Method 7: Use musical modes
This is for more advanced players who are struggling with new ideas. If you already know about musical modes, meaning what Lydian, Mixolydian, and so on mean, don’t hesitate to use them for improvisation purposes.
Using those modes usually creates strong dissonances and tensions that must be solved. It’s a bit like Method 4 on steroids, and again, the focus is not following the scale note by note but trying different note combinations. However, this is not recommended for total beginners since it can sound “like anything” unless you already have made some sense of them. If you are a beginners, first learn piano.
Here are some common questions many people have when dealing with improvising.
What are three ways musicians can improvise?
Is improvising music hard?
What is the first rule of improv?
Hopefully, I’ve dispelled any doubts about improvising, and you have a clearer idea now of how to go about it. Remember that what works for someone else might not work for you. For example, using the blues scale might not be your best fit if you don’t like blues music. You’ll be forcing yourself to do something you don’t like, killing creativity in the process.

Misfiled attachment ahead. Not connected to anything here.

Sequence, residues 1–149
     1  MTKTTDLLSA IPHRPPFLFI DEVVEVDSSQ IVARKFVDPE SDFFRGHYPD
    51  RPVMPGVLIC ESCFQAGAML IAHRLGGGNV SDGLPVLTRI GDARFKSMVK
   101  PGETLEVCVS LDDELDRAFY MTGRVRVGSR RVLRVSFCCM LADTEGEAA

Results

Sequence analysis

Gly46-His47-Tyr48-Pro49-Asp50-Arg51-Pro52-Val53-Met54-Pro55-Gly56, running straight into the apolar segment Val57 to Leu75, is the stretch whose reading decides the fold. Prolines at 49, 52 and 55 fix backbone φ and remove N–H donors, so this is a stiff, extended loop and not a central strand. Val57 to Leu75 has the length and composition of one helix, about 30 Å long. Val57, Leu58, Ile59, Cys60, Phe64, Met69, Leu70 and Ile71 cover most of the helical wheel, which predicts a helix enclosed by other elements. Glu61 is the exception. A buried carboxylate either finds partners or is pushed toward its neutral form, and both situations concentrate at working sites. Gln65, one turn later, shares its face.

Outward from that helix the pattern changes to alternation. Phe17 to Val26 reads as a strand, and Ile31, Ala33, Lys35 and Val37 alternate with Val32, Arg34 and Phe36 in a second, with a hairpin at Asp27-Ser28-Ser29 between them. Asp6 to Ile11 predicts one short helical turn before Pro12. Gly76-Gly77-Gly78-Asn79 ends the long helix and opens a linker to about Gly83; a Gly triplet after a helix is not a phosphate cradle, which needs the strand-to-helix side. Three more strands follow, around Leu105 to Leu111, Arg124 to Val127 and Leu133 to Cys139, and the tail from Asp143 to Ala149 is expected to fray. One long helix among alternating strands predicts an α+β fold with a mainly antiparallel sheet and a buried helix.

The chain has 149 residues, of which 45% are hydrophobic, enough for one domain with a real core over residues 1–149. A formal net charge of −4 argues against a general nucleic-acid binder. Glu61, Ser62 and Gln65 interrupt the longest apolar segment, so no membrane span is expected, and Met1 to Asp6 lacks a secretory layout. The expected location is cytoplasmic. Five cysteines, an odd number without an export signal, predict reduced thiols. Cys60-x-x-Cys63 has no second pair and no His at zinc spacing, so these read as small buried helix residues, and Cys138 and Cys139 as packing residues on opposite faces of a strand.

Don’t feel tied to any one method, either. Each person is different; many use these methods to develop their own later. This is especially important if you’re a self-taught musician because you won’t have the guidance of a tutor as you progress, and you might not get a lot out of what was working when you first started.
As with any creative endeavor, improvising can go as far as your imagination. Some methods exist to help you make the process less confusing so you can develop skills that would take longer without any framework. Finally, remember that having fun and enjoying what you do is the most important factor to success.